When ICD codes were first adopted nearly 70 years ago, medical mistakes weren’t broadly recognized as a cause of death. And in a culture where the emphasis is placed on assigning blame for problems rather than seeking solutions for improvement, there has been seemingly little interest in a broad, high-level investigation of strategies for reducing systemic medical errors and their impact on patient mortality. But by not capturing this data, healthcare organizations are losing out on a strong opportunity for improvement.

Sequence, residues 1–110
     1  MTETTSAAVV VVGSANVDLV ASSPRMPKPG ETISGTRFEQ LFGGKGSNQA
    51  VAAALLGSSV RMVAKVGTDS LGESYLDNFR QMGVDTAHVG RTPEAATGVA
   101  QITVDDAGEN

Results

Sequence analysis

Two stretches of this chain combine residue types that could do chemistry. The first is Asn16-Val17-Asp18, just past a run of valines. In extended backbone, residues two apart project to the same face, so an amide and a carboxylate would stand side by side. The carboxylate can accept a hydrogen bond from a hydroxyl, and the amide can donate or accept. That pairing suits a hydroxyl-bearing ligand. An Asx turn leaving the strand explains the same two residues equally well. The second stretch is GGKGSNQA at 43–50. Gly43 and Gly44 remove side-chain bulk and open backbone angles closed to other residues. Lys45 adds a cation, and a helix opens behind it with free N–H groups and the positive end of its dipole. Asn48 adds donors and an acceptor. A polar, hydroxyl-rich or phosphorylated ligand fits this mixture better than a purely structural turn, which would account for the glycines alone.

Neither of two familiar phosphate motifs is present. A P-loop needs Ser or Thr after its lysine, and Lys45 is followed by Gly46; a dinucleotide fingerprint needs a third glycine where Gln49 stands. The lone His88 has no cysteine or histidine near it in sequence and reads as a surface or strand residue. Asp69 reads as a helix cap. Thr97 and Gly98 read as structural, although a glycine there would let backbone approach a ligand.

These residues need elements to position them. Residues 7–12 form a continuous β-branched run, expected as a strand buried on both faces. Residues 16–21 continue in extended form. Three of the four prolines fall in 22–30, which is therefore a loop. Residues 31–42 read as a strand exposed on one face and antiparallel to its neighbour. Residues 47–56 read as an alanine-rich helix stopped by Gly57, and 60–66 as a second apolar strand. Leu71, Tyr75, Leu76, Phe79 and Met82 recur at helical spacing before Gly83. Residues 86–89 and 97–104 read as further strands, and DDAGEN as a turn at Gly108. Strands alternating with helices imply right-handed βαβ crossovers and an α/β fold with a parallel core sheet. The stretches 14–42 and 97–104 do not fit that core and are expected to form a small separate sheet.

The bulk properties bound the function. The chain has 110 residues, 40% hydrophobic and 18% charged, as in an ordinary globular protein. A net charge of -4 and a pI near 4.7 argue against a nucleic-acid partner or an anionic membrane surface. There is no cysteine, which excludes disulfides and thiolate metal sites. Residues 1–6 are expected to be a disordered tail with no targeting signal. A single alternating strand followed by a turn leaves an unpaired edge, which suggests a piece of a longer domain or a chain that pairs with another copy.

Makary and Daniel emphasize in their article that medical errors can’t solely be attributed to bad doctors. Most are the result of systemic problems stemming from challenges such as poorly coordinated care, fragmented insurance networks, or the lack or underuse of safety nets, as well as variation across physician practice patterns that lack accountability.
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